The improvements were small, and the studies were of varying quality, but preliminary evidence suggests that acupuncture, Chinese herbal medicine, Ayurvedic herbal medicine and a Korean topical cream may all have desirable effects, researchers conclude in the journal Sexual Medicine, online December 29.
“It’s important to evaluate the evidence for other therapies,” she told Reuters Health by email. “To our knowledge, this is the first systematic review to assess complementary and alternative medicine for premature ejaculation.”
In the current study, researchers evaluated 10 randomized controlled trials that included comparisons either to another type of treatment or to a placebo. Two studies were of acupuncture, five were of Chinese herbal medicine, one of Ayurvedic herbal medicine and two of Korean topical “severance secret” cream.
In some instances, a combination of traditional and alternative options was the most effective. For example, Chinese medicine paired with selective serotonin reuptake inhibitors (SSRIs) increased IELT by two minutes longer than SSRIs alone and nearly three minutes longer than the Chinese medicine alone.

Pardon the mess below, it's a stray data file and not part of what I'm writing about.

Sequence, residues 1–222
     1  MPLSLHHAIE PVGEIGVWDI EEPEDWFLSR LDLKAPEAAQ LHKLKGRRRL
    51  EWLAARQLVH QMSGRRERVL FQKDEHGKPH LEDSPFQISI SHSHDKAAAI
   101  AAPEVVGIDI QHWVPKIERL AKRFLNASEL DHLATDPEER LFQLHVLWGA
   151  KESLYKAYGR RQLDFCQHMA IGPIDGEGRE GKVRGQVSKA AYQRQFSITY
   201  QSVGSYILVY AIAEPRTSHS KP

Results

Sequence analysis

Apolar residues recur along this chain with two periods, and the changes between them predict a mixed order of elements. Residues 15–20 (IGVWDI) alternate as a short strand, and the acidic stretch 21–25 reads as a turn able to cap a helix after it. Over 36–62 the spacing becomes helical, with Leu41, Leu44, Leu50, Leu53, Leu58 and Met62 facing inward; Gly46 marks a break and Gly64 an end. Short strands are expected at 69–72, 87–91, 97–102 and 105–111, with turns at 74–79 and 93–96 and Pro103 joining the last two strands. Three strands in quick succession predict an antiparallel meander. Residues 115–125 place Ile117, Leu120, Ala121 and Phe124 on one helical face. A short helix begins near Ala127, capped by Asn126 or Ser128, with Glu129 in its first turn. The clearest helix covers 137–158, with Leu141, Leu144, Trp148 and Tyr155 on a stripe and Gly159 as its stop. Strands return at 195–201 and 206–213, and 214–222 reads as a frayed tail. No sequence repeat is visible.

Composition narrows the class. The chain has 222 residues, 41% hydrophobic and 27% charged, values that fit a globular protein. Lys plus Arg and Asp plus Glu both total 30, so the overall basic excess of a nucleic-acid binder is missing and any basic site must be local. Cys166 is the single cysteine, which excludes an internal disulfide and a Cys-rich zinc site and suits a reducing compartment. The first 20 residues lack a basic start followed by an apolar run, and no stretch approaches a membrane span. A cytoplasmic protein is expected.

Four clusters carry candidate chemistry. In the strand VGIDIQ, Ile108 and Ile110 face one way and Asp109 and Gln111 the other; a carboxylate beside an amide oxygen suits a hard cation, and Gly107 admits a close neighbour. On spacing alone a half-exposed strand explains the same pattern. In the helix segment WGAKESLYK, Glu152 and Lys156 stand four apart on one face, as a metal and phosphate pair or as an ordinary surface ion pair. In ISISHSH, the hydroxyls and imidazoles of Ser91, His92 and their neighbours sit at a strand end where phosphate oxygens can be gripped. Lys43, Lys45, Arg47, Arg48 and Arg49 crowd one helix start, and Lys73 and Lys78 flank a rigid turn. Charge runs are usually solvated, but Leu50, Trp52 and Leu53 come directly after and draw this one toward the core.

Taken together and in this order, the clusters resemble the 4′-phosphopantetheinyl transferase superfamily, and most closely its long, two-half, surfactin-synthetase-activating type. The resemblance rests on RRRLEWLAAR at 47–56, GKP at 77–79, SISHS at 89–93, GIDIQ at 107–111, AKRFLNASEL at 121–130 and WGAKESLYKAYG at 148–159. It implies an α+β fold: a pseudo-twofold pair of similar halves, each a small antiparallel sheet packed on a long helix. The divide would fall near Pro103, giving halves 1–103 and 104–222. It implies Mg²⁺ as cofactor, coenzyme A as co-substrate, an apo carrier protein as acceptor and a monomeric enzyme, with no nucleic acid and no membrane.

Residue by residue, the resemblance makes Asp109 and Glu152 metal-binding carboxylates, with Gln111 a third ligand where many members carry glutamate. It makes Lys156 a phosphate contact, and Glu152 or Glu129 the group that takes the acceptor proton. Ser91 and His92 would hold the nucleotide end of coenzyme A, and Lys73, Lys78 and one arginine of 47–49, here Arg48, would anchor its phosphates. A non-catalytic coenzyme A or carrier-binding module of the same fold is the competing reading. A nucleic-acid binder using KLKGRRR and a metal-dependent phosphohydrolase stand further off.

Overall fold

The prevalence of premature ejaculation is difficult to measure because of the differing definitions of the problem and some men’s reluctance to report it. Some studies suggest that between 20 and 30 percent of men report early ejaculation concerns, but the International Society for Sexual Medicine estimates that about 4 percent of men have a lifelong condition.
Some studies, but not all, discussed side effects such as gastrointestinal discomfort, dizziness, mild pain and decreased libido. When they were reported, the adverse effects were generally mild, the study team writes.
“Nowadays, I am encountering alternative medicine-obsessed patients more than I used to, and it doesn’t make sense to argue with them about the treatment they want,” Serefoglu told Reuters Health by email. “After all, the placebo is a well-known clinical phenomenon, and some of my patients report surprisingly favorable outcomes.”